BURNEY: So we – we spoke to people from Victoria over the course of developing this and we spoke again to organisations in Victoria that are administering the fund here. And if it’s really urgent it can happen on the same day. There is an application process obviously. And there is enormous accountability. But the really important thing about this fund is that there is no requirement for the person that’s made the huge decision to leave to actually refund the money. And people have said to me, what if women exploit the fund? Well our experience will ask for exactly what they need, no more, and think about other women who are in need as well.
KARVELAS: Would someone in Victoria who has access to services in Victoria by the Victorian Government still be able to access the federal fund?
BURNEY: I wouldn’t imagine so. We haven’t actually addressed that question, but it’s a very good question, but my view would be if that fund has already been accessed in Victoria – what we’re talking about these 20,000 packages are additional to what’s in place now. That means that women right across the country will have access.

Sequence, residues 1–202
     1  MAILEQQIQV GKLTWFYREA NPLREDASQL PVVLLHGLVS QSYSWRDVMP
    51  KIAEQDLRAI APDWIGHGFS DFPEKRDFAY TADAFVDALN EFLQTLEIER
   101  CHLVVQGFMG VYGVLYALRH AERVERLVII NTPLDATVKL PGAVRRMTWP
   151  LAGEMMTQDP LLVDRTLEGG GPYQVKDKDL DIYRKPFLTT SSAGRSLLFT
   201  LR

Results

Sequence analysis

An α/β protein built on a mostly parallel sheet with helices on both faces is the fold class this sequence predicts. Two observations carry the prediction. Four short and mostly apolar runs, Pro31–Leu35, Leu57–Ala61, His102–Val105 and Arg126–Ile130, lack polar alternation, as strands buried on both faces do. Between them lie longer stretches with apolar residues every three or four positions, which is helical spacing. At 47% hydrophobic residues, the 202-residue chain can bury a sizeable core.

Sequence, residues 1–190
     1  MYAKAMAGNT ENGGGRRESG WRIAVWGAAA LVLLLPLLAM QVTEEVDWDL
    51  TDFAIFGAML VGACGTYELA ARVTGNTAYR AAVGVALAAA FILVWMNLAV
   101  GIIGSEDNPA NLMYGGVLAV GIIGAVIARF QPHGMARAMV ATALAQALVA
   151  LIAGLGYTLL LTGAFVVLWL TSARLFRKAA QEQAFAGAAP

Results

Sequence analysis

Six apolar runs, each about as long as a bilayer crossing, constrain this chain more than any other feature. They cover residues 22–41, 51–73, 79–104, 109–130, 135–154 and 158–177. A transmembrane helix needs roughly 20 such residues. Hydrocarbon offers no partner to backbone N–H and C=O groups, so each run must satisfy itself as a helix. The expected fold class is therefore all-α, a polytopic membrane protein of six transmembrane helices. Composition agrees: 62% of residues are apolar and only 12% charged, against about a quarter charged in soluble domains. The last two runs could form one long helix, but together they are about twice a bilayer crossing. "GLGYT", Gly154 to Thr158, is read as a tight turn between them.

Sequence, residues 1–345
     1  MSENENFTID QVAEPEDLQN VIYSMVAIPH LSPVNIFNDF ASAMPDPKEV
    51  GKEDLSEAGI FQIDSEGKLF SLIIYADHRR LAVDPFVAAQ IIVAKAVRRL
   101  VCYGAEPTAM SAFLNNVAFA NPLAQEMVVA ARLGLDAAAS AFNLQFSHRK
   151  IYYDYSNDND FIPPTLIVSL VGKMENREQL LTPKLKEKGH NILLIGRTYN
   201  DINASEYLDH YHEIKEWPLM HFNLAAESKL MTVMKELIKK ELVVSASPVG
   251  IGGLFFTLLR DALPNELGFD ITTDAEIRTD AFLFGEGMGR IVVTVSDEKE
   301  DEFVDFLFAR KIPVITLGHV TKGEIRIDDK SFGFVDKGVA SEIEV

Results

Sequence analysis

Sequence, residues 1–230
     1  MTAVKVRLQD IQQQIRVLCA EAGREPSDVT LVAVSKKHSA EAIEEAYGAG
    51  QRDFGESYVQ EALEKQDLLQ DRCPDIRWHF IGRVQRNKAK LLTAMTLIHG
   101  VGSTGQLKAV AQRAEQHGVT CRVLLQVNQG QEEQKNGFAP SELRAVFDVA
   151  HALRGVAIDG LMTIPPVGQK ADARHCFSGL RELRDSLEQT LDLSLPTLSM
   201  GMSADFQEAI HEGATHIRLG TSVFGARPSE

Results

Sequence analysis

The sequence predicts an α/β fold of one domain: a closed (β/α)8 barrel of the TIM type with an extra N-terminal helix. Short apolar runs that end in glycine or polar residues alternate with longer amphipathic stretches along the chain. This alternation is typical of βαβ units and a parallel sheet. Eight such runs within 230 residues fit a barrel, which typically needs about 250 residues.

KARVELAS: This is being paid out of this Banking Fairness Fund, why are the banks paying for this? Are they just an easy target at the moment?
BURNEY: No I don’t think they’re an easy target. But you know the – I think you would agree and people listening to us would agree that the banks have some community obligations to make up – particularly with the way which many of them have conducted themselves. And we see banks are never going – this is the four big banks – are not going to fall over and the fund that we’re talking about, the money that we’re talking about provided to – being provided to women in their hour of need will in fact enhance the banks anyhow. We believe the banks have a responsibility to give to back to the community and what an important issue in our community to give back to.
KARVELAS: If you’re just tuning in, Linda Burney is my guest, she’s a Labor frontbencher. 0418 226 576 is our text line.
A special report by Guardian Australia has mapped known massacres of Indigenous people and makes the point that the history of the frontier wars is something we still don’t spend a lot of time examining. Is that a fair point?